Scottish Water has been accused of “corporate arrogance” and treating Highland residents “with contempt” over its expansion of a waste water treatment plant in the village of Ardersier.
The Scottish Government agency built the extension on the village plant to deal with increased capacity.
Ardersier residents had campaigned vigorously against the plans for the £11 million project to expand the treatment works in the village.
Highland Council eventually approved the plans, but they have recently served an enforcement notice on Scottish Water for a breach of planning control, relating to the erection of a gantry over the plant which was not shown in the original plans – increasing the height of the development by more than 6ft 7ins.
As a result, the water authority has applied for retrospective permission for the changes they have made to allow increased heights of the picket fence thickener tank and inlet works and installation of electrical substation.
But councillors on the south planning committee yesterday issued a damning statement on Scottish Water.
Local councillor Roddy Balfour said: “This was contentious from the beginning. This was corporate arrogance from the start.
“We were simply not informed about the changes. There is severe suspicion of culpability, if not contempt. There was a breach of trust between Scottish Water and the community.”
Councillor Carolyn Caddick added: “I cannot believe Scottish Water are so complacent that they have not designed it correctly in the first place. The assumption is they did this on purpose.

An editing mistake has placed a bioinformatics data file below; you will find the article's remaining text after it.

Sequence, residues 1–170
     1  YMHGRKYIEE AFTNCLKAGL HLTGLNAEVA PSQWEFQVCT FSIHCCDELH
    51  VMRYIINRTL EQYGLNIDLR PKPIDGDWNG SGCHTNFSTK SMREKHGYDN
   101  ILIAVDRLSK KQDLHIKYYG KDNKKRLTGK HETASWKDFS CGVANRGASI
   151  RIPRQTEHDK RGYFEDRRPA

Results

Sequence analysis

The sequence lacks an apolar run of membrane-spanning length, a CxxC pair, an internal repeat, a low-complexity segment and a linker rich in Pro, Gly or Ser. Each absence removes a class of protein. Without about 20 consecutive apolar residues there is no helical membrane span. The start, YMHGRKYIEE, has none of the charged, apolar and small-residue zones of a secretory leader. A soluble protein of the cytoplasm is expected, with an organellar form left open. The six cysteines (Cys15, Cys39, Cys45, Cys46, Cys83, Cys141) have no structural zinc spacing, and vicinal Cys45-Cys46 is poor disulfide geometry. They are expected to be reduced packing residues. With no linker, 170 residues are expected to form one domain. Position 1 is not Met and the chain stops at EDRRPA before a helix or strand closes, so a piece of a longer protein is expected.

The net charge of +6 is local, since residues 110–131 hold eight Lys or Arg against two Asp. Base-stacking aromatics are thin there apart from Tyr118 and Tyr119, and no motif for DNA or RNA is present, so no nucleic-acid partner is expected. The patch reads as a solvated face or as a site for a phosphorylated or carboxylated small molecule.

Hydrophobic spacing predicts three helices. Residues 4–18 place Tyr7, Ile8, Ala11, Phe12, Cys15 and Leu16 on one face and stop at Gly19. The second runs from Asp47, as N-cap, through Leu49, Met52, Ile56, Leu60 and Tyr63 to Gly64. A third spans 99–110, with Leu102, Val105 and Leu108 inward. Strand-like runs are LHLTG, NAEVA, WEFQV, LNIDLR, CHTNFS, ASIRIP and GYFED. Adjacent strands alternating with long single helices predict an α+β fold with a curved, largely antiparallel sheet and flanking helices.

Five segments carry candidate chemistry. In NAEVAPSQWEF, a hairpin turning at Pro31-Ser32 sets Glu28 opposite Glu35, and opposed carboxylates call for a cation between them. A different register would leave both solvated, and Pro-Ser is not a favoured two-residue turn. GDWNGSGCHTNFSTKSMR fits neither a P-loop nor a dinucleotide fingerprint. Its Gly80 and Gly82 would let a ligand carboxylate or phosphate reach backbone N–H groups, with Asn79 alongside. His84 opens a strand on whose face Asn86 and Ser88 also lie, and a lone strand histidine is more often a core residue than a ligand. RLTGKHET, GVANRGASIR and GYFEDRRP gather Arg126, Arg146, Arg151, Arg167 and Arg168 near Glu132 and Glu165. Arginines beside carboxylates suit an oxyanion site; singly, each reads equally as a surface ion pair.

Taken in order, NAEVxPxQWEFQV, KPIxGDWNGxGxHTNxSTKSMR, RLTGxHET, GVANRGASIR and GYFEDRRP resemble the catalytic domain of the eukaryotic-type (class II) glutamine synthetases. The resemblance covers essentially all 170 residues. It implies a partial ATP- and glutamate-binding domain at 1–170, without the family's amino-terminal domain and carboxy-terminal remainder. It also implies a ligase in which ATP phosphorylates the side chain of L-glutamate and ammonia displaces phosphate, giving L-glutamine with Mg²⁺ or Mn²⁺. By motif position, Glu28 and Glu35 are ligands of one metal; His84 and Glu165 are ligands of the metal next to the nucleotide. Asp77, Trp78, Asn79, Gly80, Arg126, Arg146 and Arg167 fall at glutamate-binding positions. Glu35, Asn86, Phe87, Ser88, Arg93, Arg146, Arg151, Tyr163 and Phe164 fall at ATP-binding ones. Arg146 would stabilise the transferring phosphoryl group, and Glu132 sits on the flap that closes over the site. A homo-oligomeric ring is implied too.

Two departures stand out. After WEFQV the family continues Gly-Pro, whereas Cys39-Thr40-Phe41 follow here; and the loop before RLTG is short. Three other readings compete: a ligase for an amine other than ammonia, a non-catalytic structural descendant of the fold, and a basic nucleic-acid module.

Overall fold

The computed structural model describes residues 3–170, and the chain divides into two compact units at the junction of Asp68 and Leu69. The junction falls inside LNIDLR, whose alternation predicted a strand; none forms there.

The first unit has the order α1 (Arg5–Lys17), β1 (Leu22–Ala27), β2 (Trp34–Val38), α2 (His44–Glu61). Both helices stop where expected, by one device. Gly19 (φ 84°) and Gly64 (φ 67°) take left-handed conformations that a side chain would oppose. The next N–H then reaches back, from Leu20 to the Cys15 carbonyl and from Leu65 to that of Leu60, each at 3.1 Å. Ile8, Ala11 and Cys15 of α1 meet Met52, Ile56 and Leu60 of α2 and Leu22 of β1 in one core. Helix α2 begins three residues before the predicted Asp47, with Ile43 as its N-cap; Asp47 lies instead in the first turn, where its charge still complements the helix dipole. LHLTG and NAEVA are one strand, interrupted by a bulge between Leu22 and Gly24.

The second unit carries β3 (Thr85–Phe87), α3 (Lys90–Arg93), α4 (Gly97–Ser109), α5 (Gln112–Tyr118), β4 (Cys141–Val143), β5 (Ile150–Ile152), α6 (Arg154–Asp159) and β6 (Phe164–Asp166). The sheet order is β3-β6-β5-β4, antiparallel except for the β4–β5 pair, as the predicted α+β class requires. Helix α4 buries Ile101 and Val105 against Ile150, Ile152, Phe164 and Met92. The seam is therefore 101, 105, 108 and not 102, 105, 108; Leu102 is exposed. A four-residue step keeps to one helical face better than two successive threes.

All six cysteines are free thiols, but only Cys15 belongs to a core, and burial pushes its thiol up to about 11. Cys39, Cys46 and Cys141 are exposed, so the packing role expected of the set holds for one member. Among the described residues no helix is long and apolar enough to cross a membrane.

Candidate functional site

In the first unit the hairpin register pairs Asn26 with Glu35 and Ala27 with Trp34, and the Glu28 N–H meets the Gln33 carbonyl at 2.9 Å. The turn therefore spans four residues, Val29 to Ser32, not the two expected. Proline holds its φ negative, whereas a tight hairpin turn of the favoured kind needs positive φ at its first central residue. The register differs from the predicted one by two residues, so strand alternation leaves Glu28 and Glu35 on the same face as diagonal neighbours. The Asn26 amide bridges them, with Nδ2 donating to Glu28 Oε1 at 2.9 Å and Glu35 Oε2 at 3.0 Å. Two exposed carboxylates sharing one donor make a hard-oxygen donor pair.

“It is a failure to adhere to conditions and they think it is a done deal. It is a disregard to the community and to the council, as we spent time deliberating the original application.
“I am deeply, deeply disappointed by Scottish Water in this action.”
Councillor Ron MacWilliam added: “Scottish Water has expressed contempt to the community, to this committee and to planning process.”
Councillor Andrew Jarvie added: “It is quite a cheek for a major public agency to go down this route. They clearly had consent and went against it.”
A report by officials to the committee said: “It is not for the planning authority to provide an explanation of how or why Scottish Water has developed in this way nor should it be excused.
“It is the case that the development, as now proposed, will sit higher within the site. It will therefore be visible from greater distance.
A Scottish Water spokesman said: “We recognise the disappointment that the local community and councillors feel about the need for a retrospective application to revise the planning consent for our project at Ardersier.
“Unfortunately, in the course of our detailed design work, the need to engage with the community and with the planning process about an increase in height, including the addition of an access gantry and handrail to one of the structures, was missed.
“A review is taking place to understand how this happened and minimise the risk of a similar situation recurring.
“Since this omission came to light, we have discussed this in some detail with the Community Liaison Group that we have been working with in recent years.
“We understand the councillors’ decision and will continue to work with the Liaison Group and the planning service to provide the further information that is needed. We are sorry that this situation has arisen and will continue to do all we can to resolve it appropriately via the planning process.”